For the Love of Canned Paul O’Grady’s Dogs Because Battersea Doesn’t Have Enough Dogs


Paul O’Grady has revealed that his TV show For the Love of Dogs had to cancel filming because the Battersea Dog house, where she is filmed, does not have enough residents. On Instagram, Paul, 65, told Gaby Roslin: “We were supposed to start filming in August but they don’t have dogs.

“I guess because of the lockdown of the people who took dogs, they’re still having a good time with them.

“I guess that’s when the circumstances have changed and they’re forced to go back to work, we’ll see a lot of dogs brought in.

Paul O’Grady

“So everything was canceled and they said we would probably do it in December. But I said we would probably be locked again by then.

“But that’s good because they don’t have a lot of dogs anymore. ”

For The Love of Dogs has aired on ITV since September and has shown Paul meeting the residents and staff of Battersea.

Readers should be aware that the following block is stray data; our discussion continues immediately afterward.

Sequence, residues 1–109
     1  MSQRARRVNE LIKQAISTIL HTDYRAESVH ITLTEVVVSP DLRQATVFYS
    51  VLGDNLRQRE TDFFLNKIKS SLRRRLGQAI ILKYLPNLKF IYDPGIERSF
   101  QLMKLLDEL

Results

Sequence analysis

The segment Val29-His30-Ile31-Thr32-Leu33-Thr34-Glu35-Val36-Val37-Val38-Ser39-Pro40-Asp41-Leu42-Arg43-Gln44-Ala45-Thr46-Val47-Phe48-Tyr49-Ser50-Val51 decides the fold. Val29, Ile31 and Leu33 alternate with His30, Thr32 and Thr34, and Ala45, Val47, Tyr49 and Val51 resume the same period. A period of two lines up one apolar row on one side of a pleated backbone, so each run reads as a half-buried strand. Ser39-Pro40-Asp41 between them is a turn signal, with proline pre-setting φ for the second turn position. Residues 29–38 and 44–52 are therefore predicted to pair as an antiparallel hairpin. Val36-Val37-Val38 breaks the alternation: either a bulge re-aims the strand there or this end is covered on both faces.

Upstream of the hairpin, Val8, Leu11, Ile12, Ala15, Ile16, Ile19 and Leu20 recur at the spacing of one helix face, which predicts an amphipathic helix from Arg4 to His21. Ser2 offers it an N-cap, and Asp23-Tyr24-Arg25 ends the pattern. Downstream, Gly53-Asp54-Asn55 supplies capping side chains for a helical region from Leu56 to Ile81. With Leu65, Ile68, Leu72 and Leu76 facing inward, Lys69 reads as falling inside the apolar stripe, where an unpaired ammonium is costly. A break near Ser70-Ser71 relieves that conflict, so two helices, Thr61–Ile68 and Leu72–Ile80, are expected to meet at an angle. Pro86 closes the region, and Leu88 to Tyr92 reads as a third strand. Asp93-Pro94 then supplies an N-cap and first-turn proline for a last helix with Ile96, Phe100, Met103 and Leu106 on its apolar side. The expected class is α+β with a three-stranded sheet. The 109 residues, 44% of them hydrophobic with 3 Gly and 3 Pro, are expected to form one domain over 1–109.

He got to know the adorable puppies who had been brought in either as stray animals or because they had been abandoned.

Paul in Battersea with Casey Joyce, Redevelopment and Wellness Coordinator

He tracks their progress as they find their happy owners and settle into their new life.

The show won two consecutive National Television Awards for Most Popular Factual Entertainment Program in 2013 and 2014 and then again in 2019.

When the country went into lockdown earlier this year, Battersea Dogs & Cats staff faced a very serious challenge as the three charity sites all closed for the first time in their 160-year history.

Paul with Jack Russell Dinky puppy

Paul stepped in to help evacuate and return home more than 80 animals before the lockdown took full effect.

He revealed that despite already having five dogs on his Kent farm, with each set he struggled not to bring more with him.

He told MirrorOnline: I literally walked through the door and they said, “Battersea is shutting down. ”

It was so sudden. Then we were in a meeting discussing what would happen with the house, the staff, the fact that there could be no visitors, no adoptions, nothing.

He added, “There were a lot of bells, to anyone who could accommodate dogs to see if they could help. I thought, “Who do I know who wants a dog?

“I mean everyone’s running away now anyway in case I tell them there’s a cute dog in Battersea that would suit them.”


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